On a Monday morning in late September, I arrived at a house in a gated subdivision in Alabama and asked for James F. Cooper, a retired agent with the federal Bureau of Alcohol, Tobacco, Firearms and Explosives. A tall, sturdy man in his 70s came to the door a few minutes later. His white hair was in a slightly overgrown crew cut; he wore athletic clothes and navy blue Crocs. “What can I do for you?” he asked, stepping outside.

I wanted to talk about an old arson case he investigated in 1992: a fatal fire at a small, one-story house in Old Hickory, Tennessee, just outside Nashville. A 24-year-old woman named Lorie Lee Lance had died in the blaze. Her boyfriend, Claude Francis Garrett, was arrested for setting the fire. He swore he was innocent. But two separate juries convicted Garrett of murder, first in 1993 and then again in 2003. Cooper was the star witness for the state.

Cooper recalled the case. He also remembered my previous attempts to reach him about it, for a story I published in 2015. The case was fairly unusual, Cooper said. As a federal agent, he did not generally work local arson cases, but he’d been called by the Nashville Metro Police Department about a suspected homicide early in the morning. It was February 24, 1992. Cooper could still describe the scene, along with most of the story told by Garrett: After a night of drinking with Lance and her stepfather at a local bar, he had awoken to the house on fire. Garrett yelled for Lance and ran with her toward the front door, he said, but she turned back toward a room at the other end of the house, where she was later found dead from smoke inhalation.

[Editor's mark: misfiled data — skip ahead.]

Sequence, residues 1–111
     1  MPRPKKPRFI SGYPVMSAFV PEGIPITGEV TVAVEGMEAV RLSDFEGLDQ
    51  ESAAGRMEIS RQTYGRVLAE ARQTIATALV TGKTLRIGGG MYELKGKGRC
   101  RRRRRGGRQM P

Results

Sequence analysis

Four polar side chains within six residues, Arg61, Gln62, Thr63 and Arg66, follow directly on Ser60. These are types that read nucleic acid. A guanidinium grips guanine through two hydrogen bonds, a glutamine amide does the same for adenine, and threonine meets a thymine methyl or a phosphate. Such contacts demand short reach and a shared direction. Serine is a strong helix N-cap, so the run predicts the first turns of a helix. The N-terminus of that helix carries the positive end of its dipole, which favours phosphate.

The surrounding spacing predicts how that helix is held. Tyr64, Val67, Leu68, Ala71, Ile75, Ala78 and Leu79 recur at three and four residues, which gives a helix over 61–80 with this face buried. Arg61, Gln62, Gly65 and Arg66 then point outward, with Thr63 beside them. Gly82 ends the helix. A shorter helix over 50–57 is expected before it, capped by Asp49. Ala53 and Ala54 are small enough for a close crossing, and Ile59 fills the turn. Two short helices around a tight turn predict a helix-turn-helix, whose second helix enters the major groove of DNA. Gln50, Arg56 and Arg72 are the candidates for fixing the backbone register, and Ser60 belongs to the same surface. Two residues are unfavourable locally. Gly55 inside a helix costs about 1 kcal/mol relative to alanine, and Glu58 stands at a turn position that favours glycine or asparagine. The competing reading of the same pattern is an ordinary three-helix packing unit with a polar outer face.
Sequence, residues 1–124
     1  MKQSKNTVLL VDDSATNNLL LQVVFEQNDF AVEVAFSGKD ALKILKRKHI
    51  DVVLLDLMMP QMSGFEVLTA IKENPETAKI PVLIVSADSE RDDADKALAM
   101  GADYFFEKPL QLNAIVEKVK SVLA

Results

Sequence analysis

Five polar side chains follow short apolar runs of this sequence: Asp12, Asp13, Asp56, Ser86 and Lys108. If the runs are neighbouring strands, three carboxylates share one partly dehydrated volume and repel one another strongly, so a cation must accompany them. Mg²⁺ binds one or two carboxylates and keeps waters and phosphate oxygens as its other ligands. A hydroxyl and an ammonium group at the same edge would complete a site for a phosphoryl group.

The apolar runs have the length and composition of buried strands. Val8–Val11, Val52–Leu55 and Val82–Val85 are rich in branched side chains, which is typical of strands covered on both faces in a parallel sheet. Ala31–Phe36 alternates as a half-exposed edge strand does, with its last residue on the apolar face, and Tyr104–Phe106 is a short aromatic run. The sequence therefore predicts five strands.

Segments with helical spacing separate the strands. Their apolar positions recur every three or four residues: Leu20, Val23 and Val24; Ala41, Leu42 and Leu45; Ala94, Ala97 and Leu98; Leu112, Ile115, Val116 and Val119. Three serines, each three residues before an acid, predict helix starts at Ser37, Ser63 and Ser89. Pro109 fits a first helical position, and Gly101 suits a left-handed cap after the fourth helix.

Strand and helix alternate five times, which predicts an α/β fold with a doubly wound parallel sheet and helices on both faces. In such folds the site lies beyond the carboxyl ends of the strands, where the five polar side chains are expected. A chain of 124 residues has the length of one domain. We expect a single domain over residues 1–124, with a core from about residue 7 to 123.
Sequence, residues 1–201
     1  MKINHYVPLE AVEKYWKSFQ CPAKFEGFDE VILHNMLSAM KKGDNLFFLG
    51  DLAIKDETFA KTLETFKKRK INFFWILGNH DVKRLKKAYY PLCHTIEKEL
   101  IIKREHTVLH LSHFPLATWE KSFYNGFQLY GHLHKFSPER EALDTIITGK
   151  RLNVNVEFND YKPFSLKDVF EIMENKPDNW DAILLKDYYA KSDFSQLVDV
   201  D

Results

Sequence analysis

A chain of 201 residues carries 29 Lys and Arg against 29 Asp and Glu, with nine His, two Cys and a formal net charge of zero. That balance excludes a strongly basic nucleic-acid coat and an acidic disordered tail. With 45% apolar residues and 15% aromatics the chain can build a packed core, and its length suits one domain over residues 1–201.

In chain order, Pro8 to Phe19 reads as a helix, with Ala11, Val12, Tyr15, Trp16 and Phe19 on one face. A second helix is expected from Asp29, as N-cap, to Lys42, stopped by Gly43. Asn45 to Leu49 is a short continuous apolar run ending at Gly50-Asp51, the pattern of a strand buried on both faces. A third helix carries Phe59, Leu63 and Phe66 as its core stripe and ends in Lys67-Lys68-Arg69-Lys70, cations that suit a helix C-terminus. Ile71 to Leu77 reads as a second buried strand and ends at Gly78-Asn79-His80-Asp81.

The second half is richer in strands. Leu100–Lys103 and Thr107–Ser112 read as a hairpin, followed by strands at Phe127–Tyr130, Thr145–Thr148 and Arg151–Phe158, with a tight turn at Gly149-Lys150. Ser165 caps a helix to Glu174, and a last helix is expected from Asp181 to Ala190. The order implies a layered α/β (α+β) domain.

Claude Francis Garrett and Lorie Lee Lance.

Photo: Courtesy of Claude Francis Garrett

The first clue that it was arson came from Fire Marshal investigator Kenneth Porter, who noticed a strong smell of kerosene upon entering the house. Shortly afterward, he found a large kerosene container. Garrett would say the couple used a kerosene heater, a common practice in the working-class neighborhood of Hopewell. But Porter’s suspicion deepened when he found large, irregular-shaped burns on the living room floor — a “pour pattern,” as Cooper would later explain on the stand. It was a telltale sign of the use of a liquid accelerant, he said, and a hallmark of arson scenes. After Cooper took over the investigation, he found additional clues that proved it was a murder. Most damning: The door to the room where Lance was found had reportedly been locked from the outside — “that was key,” Cooper told me.

At trial in 1993, Cooper gave expert testimony to bolster the state’s theory against Garrett: that he was an abusive boyfriend who locked Lance in the back room, poured kerosene throughout the house, lit it on fire, and left her to die. The jury found him guilty and sent him to prison for life. But it would not take long for doubts to emerge. Garrett’s original conviction was overturned when he discovered that the trial prosecutor had concealed a police report in which a key witness said the back-room door had been unlocked.

The investigation into the fire was looking increasingly like a relic from another age.

More significantly, in the decade between the first trial and the retrial, the field of fire investigation had radically transformed. Old assumptions about arson and fire behavior were debunked and new investigative methods were adopted. The so-called pour patterns found at the scene would come to be regarded as junk science. By the time of Garrett’s 2003 retrial, the investigation into the fire was looking increasingly like a relic from another age, resting on techniques that had long been discarded. Nevertheless, Cooper defended his findings on the stand and the jury sent Garrett back to prison.


The one-story house in Old Hickory, Tenn., after the fire.

Photo: Courtesy of the family